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JAMA. 1998 Aug 5;280(5):433-8.

Prevalence of intimate partner abuse in women treated at community hospital emergency departments.

Author information

1
Department of Emergency Medicine, Center for Violence and Injury Control, Allegheny University of the Health Sciences, Pittsburgh, PA 15212, USA. sdearwat@pgh.auhs.edu

Abstract

CONTEXT:

The majority of prior studies examining intimate partner abuse in the emergency department (ED) setting have been conducted in large, urban tertiary care settings and may not reflect the experiences of women seen at community hospital EDs, which treat the majority of ED patients in the United States.

OBJECTIVE:

To determine the prevalence of intimate partner abuse among female patients presenting for treatment in community hospital EDs and describe their characteristics.

DESIGN:

An anonymous survey conducted from 1995 through 1997 inquiring about physical, sexual, and emotional abuse.

SETTING:

Eleven community EDs in Pennsylvania and California.

PARTICIPANTS:

All women aged 18 years or older who came to the ED during selected shifts.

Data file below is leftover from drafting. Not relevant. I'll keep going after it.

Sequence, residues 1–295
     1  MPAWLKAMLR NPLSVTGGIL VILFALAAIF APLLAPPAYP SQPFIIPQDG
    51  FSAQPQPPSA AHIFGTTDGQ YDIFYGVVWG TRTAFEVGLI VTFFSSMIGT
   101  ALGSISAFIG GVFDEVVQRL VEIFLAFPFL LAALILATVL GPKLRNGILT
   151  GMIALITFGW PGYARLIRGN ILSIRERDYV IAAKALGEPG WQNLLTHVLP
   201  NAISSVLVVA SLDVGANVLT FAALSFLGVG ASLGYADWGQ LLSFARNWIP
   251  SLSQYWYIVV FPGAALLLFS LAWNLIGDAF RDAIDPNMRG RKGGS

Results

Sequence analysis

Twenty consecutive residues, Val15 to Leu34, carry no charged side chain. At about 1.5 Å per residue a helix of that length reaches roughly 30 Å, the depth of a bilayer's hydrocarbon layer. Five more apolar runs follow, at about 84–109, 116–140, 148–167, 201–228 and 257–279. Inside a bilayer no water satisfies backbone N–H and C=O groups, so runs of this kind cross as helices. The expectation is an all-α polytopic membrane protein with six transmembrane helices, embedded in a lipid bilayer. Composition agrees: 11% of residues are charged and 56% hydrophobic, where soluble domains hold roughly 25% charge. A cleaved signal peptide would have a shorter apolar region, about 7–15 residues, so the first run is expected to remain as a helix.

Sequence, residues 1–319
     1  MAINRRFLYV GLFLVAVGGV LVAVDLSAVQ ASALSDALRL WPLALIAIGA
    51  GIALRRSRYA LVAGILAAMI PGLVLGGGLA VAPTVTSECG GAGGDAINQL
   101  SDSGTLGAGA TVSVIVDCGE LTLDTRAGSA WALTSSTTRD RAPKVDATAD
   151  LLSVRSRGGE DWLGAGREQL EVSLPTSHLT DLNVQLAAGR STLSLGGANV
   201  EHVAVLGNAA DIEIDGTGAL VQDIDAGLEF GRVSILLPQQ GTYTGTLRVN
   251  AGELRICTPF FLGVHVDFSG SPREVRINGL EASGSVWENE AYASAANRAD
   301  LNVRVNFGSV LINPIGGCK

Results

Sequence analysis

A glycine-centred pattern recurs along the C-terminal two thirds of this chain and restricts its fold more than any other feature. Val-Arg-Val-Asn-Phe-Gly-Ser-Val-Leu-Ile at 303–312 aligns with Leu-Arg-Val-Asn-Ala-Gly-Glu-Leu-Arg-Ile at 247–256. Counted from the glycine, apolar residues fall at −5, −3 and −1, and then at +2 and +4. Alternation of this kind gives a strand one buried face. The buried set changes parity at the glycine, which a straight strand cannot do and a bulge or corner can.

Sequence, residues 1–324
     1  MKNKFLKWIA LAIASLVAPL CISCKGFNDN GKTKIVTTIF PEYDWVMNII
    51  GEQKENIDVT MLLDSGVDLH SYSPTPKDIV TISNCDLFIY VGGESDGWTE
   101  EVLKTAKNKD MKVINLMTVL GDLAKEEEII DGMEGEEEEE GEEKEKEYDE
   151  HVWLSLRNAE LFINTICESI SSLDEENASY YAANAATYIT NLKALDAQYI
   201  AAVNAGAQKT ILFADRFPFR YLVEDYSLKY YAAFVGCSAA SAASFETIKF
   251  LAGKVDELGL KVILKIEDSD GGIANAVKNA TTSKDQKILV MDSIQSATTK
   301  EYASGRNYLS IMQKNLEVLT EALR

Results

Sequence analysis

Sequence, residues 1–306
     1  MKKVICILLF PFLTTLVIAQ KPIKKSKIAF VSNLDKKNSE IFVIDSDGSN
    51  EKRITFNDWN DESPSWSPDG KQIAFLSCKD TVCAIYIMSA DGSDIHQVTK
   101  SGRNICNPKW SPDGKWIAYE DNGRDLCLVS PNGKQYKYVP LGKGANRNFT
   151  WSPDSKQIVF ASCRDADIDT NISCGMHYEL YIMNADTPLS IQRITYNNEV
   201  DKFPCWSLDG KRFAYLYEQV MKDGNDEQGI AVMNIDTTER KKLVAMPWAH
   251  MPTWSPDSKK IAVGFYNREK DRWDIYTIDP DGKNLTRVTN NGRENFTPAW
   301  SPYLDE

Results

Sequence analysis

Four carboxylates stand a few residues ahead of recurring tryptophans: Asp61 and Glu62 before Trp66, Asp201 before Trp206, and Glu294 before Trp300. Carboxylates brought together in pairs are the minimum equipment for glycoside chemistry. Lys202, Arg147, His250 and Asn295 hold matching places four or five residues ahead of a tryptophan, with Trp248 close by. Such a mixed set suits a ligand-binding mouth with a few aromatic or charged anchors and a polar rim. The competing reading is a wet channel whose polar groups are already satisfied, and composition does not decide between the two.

MAIN OUTCOME MEASURES:

Reported acute trauma from abuse, past-year physical or sexual abuse, and lifetime physical or emotional abuse.

RESULTS:

Surveys were completed by 3455 (74%) of 4641 women seen. The prevalence of reported abuse by an intimate partner was 2.2% (95% confidence interval [CI], 1.7%-2.7%) for acute trauma from abuse, 14.4% (95% CI, 13.2%-15.6%) for past-year physical or sexual abuse, and 36.9% (95% CI, 35.3%-38.6%) for lifetime emotional or physical abuse. California had significantly higher reported rates of past-year physical or sexual abuse (17% vs 12%, P<.001) and lifetime abuse (44% vs 31%, P<.001) than Pennsylvania. Logistic regression modeling identified 4 risk factors for reported physical, sexual, or acute trauma from abuse within the past year: age, 18 to 39 years (odds ratio [OR], 2.2; 95% CI, 1.7-3.0); monthly income less than $1000 (OR, 1.7; 95% CI, 1.3-2.1); children younger than 18 years living in the home (OR, 2.0; 95% CI, 1.5-2.6); and ending a relationship within the past year (OR, 7.0; 95% CI, 5.5-8.9).

CONCLUSION:

If the prevalence of abuse in community hospitals throughout the United States is similar to the range of prevalence estimates found in this study, then heightened awareness of intimate partner abuse is warranted for patients presenting to the ED.

PMID:
9701078
[Indexed for MEDLINE]
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